Most bicycle lovers will recognise the iconic three-digit logos that differentiate the products of Reynolds Technology, but how many will know what they really mean? We went along to meet the fine folk at one of the oldest companies in the cycling business.
Until the 1990’s many bikes (the majority of those in the UK) would feature the iconic graphics of Reynolds at the base of the seat tube. The beautifully crafted logo was a signifier of the type of steel that had been used to construct the frame.
The company had a long and illustrious history since it was founded in it’s current form 1898 by Alfred Reynolds and J.T Hewitt. (Although it actually started life in the 1840’s as a nail manufacturer) Indeed, for many decades most steel bikes used the tubes that they produced.
However, the 90’s would prove to be a dark period. The introduction of aluminium and then later on carbon fibre, all but spelt the end of steel bikes and almost Reynolds themselves.
During their peak they ran a factory 24 hours per day, shipping around 10,000 framesets worth of tubing to a single customer alone (rumoured to be LeMond). However, those levels of activity didn’t last.
During the next decade current CEO Keith Noronha bought the cycle tubing business from American company Coyote and slowly began to grow the product list Reynolds could offer.
In hindsight it seems like an inspired decision. Steel bikes have made a resurgence in the last ten years thanks to the growth of the custom bike market and the small independent frame makers that are supplying this demand. Many of which are using Reynolds tubing.
Reynolds Technology have now increased their already sizable range of steel alloys; each with their own characteristic, manufacturing process and ultimately ride quality. They also offer titanium products that can be found in some of the most expensive bikes on the market from the likes of Festka, De Rosa and Passoni.
Reynolds Technology 953
Steel itself has evolved over the years and Reynolds have been at the forefront of this development. At the top end of their product range sits Reynolds 953; a stainless steel that has a very high strength. This enables it to be drawn (the process of making the steel into a tube with varying wall thickness) to a very thin wall. This in turn making it very light and very stiff, yet with the same smooth ride qualities associated with steel. It is however, a time-consuming process that makes the product more expensive.
Reynolds 953 is often found in race-ready road bikes due to their weight savings and stiffness, resulting in responsive frames. Genesis famously introduced a 953 Steel Volare back into the UK pro-peloton with their team Madison-Genesis.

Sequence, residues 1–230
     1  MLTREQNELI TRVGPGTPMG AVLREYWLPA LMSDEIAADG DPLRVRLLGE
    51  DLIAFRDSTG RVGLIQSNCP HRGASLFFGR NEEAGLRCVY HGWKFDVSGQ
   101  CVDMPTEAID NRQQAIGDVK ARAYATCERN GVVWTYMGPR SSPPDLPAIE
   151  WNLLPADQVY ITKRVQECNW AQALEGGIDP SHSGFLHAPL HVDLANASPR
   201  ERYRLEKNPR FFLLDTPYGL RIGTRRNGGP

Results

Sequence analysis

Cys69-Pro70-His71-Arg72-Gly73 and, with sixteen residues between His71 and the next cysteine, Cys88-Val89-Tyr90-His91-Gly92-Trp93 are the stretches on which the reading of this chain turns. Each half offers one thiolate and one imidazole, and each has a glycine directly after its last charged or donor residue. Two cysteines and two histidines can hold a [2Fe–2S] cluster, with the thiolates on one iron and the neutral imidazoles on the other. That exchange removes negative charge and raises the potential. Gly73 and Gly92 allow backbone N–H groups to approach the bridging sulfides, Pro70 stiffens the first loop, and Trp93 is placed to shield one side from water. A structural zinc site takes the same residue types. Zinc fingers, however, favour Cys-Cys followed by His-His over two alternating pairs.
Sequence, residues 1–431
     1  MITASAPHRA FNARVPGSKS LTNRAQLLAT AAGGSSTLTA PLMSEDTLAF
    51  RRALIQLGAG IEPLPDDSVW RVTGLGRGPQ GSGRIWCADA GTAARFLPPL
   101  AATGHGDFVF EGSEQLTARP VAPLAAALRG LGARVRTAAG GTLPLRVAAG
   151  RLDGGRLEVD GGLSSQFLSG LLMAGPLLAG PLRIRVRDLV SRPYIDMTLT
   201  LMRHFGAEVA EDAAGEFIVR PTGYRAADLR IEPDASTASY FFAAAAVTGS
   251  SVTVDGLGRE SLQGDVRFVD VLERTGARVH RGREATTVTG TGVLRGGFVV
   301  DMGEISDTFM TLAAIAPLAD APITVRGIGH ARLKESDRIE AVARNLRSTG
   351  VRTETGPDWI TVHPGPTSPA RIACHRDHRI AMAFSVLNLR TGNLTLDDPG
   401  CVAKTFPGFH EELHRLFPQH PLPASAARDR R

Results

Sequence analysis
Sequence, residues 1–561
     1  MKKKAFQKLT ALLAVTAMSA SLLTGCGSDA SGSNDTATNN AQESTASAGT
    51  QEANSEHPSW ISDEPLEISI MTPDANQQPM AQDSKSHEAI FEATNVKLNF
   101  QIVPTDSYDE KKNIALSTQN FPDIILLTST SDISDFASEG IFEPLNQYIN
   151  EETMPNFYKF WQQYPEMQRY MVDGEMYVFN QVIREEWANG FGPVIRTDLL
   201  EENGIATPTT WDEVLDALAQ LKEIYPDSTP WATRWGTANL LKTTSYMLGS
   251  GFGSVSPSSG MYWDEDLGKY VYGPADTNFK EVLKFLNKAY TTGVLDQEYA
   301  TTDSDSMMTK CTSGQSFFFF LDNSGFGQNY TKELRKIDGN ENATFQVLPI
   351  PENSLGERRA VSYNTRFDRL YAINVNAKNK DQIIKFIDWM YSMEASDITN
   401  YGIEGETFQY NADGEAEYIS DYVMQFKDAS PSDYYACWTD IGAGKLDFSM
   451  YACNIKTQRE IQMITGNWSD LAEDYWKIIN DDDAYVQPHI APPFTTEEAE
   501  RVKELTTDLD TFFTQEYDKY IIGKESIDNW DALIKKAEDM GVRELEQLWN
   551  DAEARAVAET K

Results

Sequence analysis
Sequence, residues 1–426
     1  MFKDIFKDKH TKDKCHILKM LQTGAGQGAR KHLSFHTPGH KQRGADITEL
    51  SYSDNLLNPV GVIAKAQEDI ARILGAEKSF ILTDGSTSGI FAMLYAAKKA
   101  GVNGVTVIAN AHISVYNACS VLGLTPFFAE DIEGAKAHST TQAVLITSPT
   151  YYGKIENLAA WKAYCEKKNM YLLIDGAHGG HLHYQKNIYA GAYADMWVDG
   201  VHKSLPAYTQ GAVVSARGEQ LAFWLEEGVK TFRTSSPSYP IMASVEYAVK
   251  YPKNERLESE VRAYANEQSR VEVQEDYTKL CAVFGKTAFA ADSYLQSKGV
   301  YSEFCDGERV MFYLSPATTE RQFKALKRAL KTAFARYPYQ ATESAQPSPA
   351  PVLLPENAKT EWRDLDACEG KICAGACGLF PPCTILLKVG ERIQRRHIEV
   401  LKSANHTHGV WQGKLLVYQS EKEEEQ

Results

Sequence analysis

Their latest stainless steel; 921 reduces the inherent strength, which enables it to be worked more easily by frame builders. This means that a wider variety of bikes are now possible in stainless, such as MTB and gravel. It also means that due to the lower stiffness they can be more comfortable to ride over rougher terrain and longer days.
It is easy to appreciate the work that goes into producing Reynolds Tubes on a visit of their factory. The precision involved in producing tubes that have such fine tolerances; which in turn determine the ride characteristics of the bikes they become, is incredible.
It is also a pleasant experience to witness an activity like this still taking place in the UK; when most assume these things to be carried out in Asia. The heritage of Reynolds is visible around every corner of their facility. From a factory floor that evokes emotions of a grandfathers shed with all the smells and handwritten labels that go with it.
The heritage also extends to the people who work at Reynolds Technology. Many members having held jobs for a number of years. Including Emma who was photographed using their first ever computer in 1989. We couldn’t resist recreating the same shot almost three decades later!
It seems that history has taught Reynolds’ a lesson. Once upon a time, their business was almost lost due to an inability to keep up with the trend in materials. Now, they are at the forefront with a technology they are developing in collaboration with Independent Fabrication and Renishaw.
3D printing is revolutionising many different industries and cycling will also feel it’s effect in the coming years. The parts of a bike frame that offer the most scope for optimisation are the joints, especially area’s like the bottom bracket and dropouts. These are exactly the areas Reynolds are working on.
Look out for a very special Podia project that will feature the Reynolds 921 tubing. You can also catch-up with Reynolds at some of this year’s bike shows like the Fahrradschau in Berlin and Bespoked in Bristol where you can see samples of their latest innovations.